Students guilty of making school threats getting help through teen court program

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INDIANAPOLIS, Ind. – A counseling program aimed at addressing mental health-related issues has been helping teenagers avoid suspensions or expulsions after making threats against students or schools.

At Reach For Youth, leaders say they've had at least three cases in recent months regarding school threats in the area.

Since the Parkland, Fla. school shooting, which left 17 people dead, there has been more than 20 arrests made following threats at area schools.

The agency runs a teen court program, which allows students to take part in after pleading guilty to their crime and getting a referral from school officials.

“We try to address these threats that isn’t stigmatizing youth but it is really providing them a path to have access to needed care," said Aaron McBride, the agency's director of teen court and program services. "We're really giving youth a second chance if a mistake is made."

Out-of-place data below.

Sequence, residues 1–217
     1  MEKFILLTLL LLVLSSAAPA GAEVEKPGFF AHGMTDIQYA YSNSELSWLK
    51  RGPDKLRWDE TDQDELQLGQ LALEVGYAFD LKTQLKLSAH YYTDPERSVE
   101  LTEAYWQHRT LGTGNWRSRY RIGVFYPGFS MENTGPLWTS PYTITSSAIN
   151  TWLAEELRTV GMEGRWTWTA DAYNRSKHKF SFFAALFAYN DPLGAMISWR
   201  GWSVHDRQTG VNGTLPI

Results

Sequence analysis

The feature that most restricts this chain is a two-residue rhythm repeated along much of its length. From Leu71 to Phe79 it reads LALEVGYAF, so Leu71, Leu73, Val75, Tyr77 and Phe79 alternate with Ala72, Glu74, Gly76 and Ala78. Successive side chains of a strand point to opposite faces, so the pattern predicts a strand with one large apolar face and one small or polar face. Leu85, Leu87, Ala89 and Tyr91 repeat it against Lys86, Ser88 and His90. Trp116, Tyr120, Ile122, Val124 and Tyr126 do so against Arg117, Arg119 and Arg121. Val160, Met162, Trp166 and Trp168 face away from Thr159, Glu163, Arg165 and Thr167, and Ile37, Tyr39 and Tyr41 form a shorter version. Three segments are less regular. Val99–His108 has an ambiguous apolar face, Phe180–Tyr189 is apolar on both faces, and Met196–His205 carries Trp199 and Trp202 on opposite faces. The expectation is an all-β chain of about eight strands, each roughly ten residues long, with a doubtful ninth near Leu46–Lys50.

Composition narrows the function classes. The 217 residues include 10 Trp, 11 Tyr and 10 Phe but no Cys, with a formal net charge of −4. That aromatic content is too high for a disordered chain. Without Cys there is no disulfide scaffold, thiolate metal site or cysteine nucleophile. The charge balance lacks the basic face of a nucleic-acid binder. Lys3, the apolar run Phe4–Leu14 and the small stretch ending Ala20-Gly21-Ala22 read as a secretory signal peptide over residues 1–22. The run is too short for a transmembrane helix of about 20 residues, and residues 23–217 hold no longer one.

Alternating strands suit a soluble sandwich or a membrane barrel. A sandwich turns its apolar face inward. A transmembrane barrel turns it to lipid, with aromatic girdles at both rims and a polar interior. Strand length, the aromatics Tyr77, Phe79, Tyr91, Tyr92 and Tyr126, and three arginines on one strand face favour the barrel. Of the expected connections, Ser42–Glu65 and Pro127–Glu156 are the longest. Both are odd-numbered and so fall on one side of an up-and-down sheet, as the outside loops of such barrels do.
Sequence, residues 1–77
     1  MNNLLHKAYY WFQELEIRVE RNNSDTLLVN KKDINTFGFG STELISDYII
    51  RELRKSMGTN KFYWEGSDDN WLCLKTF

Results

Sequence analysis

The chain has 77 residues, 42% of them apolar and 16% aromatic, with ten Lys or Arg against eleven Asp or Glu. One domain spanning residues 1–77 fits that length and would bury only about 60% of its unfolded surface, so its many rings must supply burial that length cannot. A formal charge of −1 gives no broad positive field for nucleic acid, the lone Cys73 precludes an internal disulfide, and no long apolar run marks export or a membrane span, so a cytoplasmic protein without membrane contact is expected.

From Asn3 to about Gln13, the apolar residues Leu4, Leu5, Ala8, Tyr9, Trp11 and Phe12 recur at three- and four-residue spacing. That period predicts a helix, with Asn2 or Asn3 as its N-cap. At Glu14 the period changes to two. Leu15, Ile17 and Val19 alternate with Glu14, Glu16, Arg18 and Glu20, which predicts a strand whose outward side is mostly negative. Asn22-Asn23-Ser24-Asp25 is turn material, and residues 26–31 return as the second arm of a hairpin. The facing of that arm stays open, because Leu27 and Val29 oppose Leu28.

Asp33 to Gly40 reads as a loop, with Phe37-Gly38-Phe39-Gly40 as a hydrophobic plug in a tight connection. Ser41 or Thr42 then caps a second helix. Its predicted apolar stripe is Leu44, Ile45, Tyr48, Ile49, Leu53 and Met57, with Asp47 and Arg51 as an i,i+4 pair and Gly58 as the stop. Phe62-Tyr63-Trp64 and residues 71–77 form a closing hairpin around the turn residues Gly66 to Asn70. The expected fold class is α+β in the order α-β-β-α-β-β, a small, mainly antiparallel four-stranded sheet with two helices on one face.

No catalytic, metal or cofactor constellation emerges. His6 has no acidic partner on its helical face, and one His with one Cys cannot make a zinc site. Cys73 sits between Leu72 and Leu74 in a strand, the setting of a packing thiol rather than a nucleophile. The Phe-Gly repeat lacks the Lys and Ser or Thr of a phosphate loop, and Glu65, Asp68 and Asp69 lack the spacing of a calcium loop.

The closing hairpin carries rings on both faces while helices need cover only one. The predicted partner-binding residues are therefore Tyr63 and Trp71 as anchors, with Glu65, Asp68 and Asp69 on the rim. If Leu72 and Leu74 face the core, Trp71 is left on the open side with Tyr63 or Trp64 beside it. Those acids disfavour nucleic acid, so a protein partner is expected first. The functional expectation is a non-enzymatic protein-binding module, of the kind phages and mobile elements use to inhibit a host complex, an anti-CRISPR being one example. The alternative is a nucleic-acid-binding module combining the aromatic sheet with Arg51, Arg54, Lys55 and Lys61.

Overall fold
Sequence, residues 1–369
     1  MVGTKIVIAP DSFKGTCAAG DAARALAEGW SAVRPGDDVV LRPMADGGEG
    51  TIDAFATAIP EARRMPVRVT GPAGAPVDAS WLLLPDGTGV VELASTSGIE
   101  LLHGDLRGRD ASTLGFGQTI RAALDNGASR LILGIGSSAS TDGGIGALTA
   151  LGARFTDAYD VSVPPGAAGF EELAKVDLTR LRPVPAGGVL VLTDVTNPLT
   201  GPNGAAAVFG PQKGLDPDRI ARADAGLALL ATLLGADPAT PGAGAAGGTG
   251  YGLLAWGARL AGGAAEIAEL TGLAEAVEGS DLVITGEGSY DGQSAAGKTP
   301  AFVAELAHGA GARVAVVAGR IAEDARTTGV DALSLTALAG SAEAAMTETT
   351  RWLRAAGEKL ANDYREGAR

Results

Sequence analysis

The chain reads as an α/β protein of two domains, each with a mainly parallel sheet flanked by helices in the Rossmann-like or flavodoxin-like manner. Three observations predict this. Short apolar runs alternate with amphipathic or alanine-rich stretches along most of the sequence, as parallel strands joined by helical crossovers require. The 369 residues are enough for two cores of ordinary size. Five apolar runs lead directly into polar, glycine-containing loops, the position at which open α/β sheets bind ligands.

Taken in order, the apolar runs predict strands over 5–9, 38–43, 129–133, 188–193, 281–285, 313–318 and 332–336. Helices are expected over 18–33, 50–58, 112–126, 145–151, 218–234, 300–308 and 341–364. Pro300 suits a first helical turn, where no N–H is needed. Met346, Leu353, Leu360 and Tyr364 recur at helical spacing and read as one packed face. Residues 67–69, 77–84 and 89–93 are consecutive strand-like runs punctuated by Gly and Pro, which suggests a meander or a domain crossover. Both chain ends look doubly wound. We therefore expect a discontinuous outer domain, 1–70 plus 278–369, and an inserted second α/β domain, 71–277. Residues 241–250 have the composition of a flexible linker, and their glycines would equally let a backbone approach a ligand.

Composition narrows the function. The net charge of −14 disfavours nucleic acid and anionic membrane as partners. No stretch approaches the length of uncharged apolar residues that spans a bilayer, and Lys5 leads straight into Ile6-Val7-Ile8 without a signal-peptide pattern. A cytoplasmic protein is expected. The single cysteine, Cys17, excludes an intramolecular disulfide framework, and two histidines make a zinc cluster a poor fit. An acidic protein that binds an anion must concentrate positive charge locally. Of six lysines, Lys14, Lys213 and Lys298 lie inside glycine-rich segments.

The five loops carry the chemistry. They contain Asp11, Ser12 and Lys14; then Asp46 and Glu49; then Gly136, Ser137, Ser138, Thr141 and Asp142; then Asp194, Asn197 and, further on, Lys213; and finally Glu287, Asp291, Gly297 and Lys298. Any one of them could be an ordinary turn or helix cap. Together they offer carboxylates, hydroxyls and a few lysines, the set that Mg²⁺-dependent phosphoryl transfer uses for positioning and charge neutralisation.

McBride and the agency's counselors say some students may post a threat to copy what they've seen in the news. Other times, it's done as a way to express their mood, and they don't understand any other way to get their feelings out.

“They’ve learned how to lash out, or how to say mean things to people, they use what is comfortable for them," said therapist Shanae Kelley.

Once a student is in the program, a student's peers become jurors. Those students can tell how a threat affected more than just the person who made it.

“We come up with constructive consequences with youth who are referred to us," McBride said. "Ultimately, we are focusing on accountability and being able to outline specific examples to how that youth’s actions not only affected them but affected others and the community.”

The agency brings a student's family in too. The goal is to better understand what students are thinking, and to spot a person who is upset before a threat is made.

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